Mental health among persons subject to Probation Service Supervision in Ireland

By Dr. Christina L. Power, Irish Probation Service

Internationally, the prevalence of mental health problems and mental illness among people subject to Probation Service supervision is significantly higher than in the general population. The internal studies conducted in 2019 in the Irish Probation Service, which are outlined in this report, show that Ireland is no exception.

Until recently in Ireland there has been a paucity of data and research on mental health problems among persons subject to Probation Service supervision. A number of small scale practitioner studies (Griffin, 2008; Cotter, 2015; Foley, 2016) highlighted concerns regarding the incidence of mental health problems among the population. The studies were limited in their focus but were instrumental in drawing attention to the field by identifying significant gaps in knowledge and the need for further evaluation and action.

The 2019 studies, go much further and focus specifically on examining the nature and extent of mental health problems among persons subject to Probation Service supervision. The studies examine existing data based on initial assessment, development and pilot of a measure specially developed for the studies in one team and a third study which replicated the methodology study on a larger representative population of those subject to a Probation Supervision Order in Ireland. Probation Officers completed two measures for each client on their caseload based on their knowledge, observation and any available collateral information.
The three studies are consistent in identifying that, at least 40% of adults on a Probation Supervision Order, compared to 18.5% of the general population in Ireland, present with symptoms indicative of one or more mental health problem. Furthermore, approximately 50% of all people supervised by the Probation Service in the community that present with mental health problems also present with one or more of the following issues as well: alcohol and drug misuse, difficult family relationships, and accommodation instability.

The third and the largest study based on a population of 500 clients highlights several key findings which are outlined in detail in the report, but for the purpose of this short introduction the following are notable.

  • 43% experience Active Symptoms of Mental Health Problems; 10% experience symptoms indicative of serious and/or severe and enduring mental health problems; 1 in 10 people expressed suicidal thoughts or ideas at the time of completion.
  • 30% are engaged with a service for Mental Health Assessment and/or Intervention currently (49% women; 28% men), mostly through their GP/medication; less than 1.4% engaged with Primary or Secondary Care Psychology Services.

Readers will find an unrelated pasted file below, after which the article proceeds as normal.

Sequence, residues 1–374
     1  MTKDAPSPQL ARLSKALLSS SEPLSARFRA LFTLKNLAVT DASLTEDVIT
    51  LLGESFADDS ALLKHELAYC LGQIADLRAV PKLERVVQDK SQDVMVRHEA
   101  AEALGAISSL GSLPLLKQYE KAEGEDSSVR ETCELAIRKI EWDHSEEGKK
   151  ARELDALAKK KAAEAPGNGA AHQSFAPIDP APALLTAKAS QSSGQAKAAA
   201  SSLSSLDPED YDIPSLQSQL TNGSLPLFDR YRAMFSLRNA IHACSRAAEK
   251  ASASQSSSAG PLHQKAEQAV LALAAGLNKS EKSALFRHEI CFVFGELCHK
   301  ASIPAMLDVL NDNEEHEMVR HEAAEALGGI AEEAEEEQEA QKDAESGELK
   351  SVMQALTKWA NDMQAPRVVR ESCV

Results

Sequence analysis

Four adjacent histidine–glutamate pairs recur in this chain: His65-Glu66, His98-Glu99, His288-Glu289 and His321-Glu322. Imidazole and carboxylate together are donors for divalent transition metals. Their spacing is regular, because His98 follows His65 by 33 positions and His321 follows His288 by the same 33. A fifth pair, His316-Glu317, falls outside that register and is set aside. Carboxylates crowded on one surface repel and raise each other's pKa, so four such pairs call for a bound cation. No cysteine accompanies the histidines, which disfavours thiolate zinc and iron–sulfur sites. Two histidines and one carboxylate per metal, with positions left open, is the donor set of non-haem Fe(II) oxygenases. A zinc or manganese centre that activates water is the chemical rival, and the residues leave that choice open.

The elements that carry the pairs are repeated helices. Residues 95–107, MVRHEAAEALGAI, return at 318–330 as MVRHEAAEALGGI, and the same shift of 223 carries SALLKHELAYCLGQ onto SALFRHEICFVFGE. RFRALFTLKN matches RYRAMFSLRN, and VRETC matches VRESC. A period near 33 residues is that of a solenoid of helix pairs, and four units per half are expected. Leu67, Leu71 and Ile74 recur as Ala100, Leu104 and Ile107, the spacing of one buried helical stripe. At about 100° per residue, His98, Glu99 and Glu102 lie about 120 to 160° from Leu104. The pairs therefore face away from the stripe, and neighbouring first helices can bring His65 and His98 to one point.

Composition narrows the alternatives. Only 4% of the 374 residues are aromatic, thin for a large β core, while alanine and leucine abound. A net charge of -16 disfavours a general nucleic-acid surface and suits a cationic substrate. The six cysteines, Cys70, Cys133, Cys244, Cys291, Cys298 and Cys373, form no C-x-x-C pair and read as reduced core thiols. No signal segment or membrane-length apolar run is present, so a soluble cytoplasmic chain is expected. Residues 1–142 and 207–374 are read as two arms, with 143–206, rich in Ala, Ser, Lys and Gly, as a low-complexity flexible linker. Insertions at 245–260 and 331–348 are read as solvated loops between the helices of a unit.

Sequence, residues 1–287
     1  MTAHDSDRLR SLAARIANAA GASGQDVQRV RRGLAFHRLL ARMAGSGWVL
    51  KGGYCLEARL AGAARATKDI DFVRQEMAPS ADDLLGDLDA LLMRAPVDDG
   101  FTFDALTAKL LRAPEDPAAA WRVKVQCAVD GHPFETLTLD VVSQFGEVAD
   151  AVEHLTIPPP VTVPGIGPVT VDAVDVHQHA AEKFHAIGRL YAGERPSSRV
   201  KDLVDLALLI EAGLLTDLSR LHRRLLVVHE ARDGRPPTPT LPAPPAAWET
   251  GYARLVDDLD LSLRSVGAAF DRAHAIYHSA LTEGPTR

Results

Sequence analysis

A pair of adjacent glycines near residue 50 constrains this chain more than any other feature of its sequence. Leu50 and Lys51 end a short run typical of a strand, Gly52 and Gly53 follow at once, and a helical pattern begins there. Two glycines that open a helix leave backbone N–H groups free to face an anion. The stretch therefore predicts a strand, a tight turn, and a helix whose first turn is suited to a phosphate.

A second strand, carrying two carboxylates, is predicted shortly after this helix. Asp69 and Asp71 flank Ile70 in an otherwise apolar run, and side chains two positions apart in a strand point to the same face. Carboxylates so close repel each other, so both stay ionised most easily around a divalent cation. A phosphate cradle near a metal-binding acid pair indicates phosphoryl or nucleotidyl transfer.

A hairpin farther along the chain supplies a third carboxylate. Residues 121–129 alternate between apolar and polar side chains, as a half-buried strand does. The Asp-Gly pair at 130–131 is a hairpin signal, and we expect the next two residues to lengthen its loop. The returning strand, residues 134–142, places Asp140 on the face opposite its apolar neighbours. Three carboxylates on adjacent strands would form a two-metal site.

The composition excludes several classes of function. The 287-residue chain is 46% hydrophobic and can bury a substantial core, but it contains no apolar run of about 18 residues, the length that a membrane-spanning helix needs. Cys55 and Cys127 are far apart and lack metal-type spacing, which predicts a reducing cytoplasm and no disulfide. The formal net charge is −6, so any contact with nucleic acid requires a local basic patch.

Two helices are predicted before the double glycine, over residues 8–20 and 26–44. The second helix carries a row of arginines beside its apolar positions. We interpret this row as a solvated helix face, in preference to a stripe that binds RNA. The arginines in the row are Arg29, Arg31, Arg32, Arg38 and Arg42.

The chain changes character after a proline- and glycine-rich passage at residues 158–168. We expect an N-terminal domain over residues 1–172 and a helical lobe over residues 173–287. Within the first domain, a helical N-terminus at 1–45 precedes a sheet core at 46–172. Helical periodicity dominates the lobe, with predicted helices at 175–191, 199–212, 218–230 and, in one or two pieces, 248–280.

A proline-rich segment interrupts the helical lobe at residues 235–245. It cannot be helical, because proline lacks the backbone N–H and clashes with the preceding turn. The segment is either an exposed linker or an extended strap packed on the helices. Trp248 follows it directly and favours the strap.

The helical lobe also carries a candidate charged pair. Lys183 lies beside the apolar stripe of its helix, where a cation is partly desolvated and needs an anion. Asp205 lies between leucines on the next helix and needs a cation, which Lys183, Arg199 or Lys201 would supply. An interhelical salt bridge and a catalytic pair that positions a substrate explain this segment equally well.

• 56% have had some form of Mental Health Assessment and/or Intervention in the Past (70% women; 52% men); 11% of persons have had In-Patient Psychiatric Care in the Past.
  • 41% are identified as having a known Mental Health Diagnosis provided by a qualified clinician (52% women; 38% men), most often an anxiety disorder or Mood disorder; however, 8% have a formal diagnosis of Schizophrenia/Primary Psychotic Disorder.

It is clear that there are significant and unmet psychological and psychiatric needs among those persons subject to Probation Supervision and there is limited access and engagement with mental health services. To address this, it is recommended that The Probation Service:

  • Strengthen knowledge and develop skills-based training in mental health for Probation Service staff to aid recognition of mental health problems and where identified, ensuring that the appropriate services are involved at assessment and/or intervention.
  • Improve and strengthen Probation Service engagement with mainstream primary care and forensic and community mental health service providers and the development of joined-up strategies and interventions.
  • Have improved access and engagement routes to mental health services; there is a need for cross agency working and a focused government approach to ensure this can happen.

The full report ‘MOVING FORWARD TOGETHER: MENTAL HEALTH AMONG PERSONS SUPERVISED BY THE PROBATION SERVICE’ Probation Service Research Report 7 March 2021 can be downloaded here:


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